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Las Vegas man charged with fraud in obtaining $2M in PPP funds

Updated January 22, 2021 - 6:16 pm

A Nevada man has been charged with fraudulently obtaining nearly $2 million in federal Paycheck Protection Program money, meant for struggling small businesses, to purchase luxury cars and two luxury condominiums in Las Vegas.

Federal prosecutors from the U.S. Attorney’s office in Nevada said, in an unsealed criminal complaint that charges Jorge Abramovs with one count of bank fraud, that the Las Vegas man allegedly applied for PPP funds between April and June 2020 to at least seven banks.

Abramovs “misrepresented the number of employees and the amount of revenue and payroll his companies had” to the banks, according to the complaint.

A court-appointed defense attorney for Abramovs did not respond to calls or email requests for comment.

Multiple PPP applications

Using a variety of company names when Abramovs filed for the PPP funds — National Investment Group Corporation, National Legal Advisors In Care Of, and National Investment Group — “each of the 12 applications below listed variations of this S. Fort Apache Road address as the business address for the applying entity,” according to the charging document.

In one PPP application Abramovs filed, he claimed NIGC had 18 employees with an average monthly payroll of $64,797, the complaint said. In another, Abramovs claimed NIGC had 49 employees and an average monthly payroll of $55,235.

In total, Abramovs allegedly obtained $1,986,737.46 in fraudulent PPP loan funds, according to the complaint.

On each of the PPP loan applications, Abramovs certified that he would not receive another PPP loan; instead, prosecutors allege, Abramovs received at least six loans in the name of NIGC and at least five loans in the name of NLA.

The money, Abramovs indicated in his PPP loan applications, would be used toward rent and payroll.

Luxury cars, homes

But financial statements tell another story.

Prosecutors allege that PPP funds Abramovs obtained illegally went toward himself.

“Financial analysis shows that Abramovs spent the money on purchases of luxury items for himself, including the purchase of a 2020 Bentley, a 2020 Tesla, and two condominiums located in Veer Towers in Las Vegas, Nevada,” according to the criminal complaint.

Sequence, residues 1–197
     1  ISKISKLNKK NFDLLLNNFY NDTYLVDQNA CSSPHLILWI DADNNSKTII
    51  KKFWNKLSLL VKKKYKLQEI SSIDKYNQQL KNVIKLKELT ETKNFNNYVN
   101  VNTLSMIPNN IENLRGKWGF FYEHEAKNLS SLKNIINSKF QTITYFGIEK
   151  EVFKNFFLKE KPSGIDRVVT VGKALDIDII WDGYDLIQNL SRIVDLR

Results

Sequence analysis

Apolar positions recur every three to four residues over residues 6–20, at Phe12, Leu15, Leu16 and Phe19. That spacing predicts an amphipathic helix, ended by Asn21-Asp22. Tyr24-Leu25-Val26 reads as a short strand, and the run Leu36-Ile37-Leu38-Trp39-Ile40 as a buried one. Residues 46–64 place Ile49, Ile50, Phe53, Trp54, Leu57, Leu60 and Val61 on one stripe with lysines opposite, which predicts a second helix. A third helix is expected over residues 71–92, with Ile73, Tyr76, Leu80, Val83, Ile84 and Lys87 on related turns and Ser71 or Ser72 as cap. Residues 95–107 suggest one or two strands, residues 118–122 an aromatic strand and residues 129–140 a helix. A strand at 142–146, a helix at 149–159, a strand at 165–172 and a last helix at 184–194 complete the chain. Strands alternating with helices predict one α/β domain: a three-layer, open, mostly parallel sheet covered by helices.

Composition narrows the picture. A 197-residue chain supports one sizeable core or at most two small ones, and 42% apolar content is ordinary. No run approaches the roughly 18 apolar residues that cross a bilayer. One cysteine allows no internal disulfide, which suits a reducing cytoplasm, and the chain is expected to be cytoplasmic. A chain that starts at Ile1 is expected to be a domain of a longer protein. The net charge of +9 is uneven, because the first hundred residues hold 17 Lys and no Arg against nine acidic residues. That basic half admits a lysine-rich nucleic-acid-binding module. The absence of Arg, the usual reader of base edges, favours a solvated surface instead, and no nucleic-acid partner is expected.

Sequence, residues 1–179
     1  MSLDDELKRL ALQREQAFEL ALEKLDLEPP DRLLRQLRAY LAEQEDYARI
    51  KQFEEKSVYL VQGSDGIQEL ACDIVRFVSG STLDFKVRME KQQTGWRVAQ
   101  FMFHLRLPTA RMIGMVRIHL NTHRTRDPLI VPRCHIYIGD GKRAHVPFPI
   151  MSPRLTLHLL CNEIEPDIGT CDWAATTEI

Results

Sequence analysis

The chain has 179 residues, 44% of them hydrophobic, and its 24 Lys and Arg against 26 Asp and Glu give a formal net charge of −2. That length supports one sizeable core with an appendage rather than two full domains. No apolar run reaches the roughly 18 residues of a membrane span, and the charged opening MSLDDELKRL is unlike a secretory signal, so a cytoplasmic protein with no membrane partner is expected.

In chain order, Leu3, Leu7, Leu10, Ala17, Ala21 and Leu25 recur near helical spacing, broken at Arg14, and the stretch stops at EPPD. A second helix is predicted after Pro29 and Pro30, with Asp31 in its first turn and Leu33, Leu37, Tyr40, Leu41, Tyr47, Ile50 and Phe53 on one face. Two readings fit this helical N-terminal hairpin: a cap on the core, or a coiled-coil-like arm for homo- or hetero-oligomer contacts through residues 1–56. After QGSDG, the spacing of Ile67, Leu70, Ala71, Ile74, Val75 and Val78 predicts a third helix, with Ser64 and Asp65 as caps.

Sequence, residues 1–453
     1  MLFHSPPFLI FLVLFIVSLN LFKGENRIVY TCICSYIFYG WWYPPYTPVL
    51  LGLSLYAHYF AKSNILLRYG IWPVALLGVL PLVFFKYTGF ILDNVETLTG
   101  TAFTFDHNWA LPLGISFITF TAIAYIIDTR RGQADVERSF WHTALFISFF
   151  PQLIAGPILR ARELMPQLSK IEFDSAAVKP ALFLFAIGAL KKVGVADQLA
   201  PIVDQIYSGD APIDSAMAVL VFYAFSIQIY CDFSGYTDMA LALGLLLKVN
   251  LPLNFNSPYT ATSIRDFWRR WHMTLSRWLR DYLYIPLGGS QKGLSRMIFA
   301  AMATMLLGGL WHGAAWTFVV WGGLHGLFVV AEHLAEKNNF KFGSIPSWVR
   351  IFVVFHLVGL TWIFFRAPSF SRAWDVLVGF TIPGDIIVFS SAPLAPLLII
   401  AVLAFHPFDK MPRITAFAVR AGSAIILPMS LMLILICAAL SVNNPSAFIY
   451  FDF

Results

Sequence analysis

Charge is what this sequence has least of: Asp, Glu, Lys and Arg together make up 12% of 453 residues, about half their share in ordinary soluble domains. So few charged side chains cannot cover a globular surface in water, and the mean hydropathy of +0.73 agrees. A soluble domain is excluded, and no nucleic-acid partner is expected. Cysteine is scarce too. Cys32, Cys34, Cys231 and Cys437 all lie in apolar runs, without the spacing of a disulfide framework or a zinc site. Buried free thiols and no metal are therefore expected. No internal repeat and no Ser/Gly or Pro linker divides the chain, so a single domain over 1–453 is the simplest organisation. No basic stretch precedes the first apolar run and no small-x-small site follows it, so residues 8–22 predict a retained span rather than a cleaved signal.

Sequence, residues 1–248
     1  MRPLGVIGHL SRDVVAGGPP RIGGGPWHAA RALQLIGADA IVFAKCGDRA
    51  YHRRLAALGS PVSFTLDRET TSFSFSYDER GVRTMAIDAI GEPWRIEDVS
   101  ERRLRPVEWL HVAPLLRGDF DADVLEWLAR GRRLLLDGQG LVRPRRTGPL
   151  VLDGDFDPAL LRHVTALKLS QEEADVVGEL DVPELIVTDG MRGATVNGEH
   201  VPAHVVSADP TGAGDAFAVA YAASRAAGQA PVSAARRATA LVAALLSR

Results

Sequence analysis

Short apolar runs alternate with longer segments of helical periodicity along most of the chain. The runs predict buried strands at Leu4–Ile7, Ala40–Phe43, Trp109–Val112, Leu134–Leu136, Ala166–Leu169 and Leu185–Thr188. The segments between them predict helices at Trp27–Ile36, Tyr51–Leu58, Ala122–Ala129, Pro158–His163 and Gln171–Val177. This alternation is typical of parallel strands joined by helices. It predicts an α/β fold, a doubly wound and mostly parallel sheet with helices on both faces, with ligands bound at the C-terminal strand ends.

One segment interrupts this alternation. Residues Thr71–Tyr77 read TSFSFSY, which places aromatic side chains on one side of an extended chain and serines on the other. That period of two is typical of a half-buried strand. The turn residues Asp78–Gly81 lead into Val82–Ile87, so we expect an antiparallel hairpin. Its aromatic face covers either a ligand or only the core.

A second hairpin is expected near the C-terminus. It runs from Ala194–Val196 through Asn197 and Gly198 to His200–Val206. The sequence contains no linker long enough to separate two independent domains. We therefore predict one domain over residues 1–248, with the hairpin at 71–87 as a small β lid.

Abramovs purchased a 2020 Bentley Continental GT Convertible on June 3 for $260,982 with taxes and fees. Two weeks later, on June 18, Abramovs purchased a 2020 Tesla Model 3 for $54,904.25 after a trade-in.

Investigators also found that Abramovs purchased two luxury condos at the Veer Towers in Las Vegas. The first condo purchase was in late May, and “financial analysis found that of the $225,638.59 spent to purchase this condominium, approximately 80% constituted criminal proceeds from Abramov’s PPP loan fraud scheme,” according to the complaint.

In June, Abramovs purchased another condo in the same building, this time for $412,000. Federal investigators, combing through the bank statements, found that 99 percent of the funding “constituted criminal proceeds from Abramovs’ alleged PPP fraud scheme.”

Feds investigate

In August, federal authorities inquired with the Nevada Department of Employment, Training and Rehabilitation to see if there were any payments of unemployment insurance; employers who pay more than $225 of payroll in any quarter for employees are required by Nevada law to pay unemployment insurance.

DETR found no records of any UI payments made by NIGC, a company of which Abramovs allegedly is the president, secretary, treasurer and director.

Federal investigators began surveilling the company’s storefront during the fall, according to the complaint.

A detention hearing for Abramovs was held early Friday morning and he was ordered remanded in custody.

Federal law enforcement has clamped down on fraud as it relates to the CARES Act signed into law in March.

U.S. Attorney Nicholas Trutanich, Nevada’s top federal prosecutor, told the Review-Journal last month that as a result of recent funding from the Department of Justice, the office will add an assistant U.S. attorney whose focus will be prosecuting CARES Act-related fraud cases.

Contact Jonathan Ng at jng@reviewjournal.com. Follow @ByJonathanNg on Twitter.

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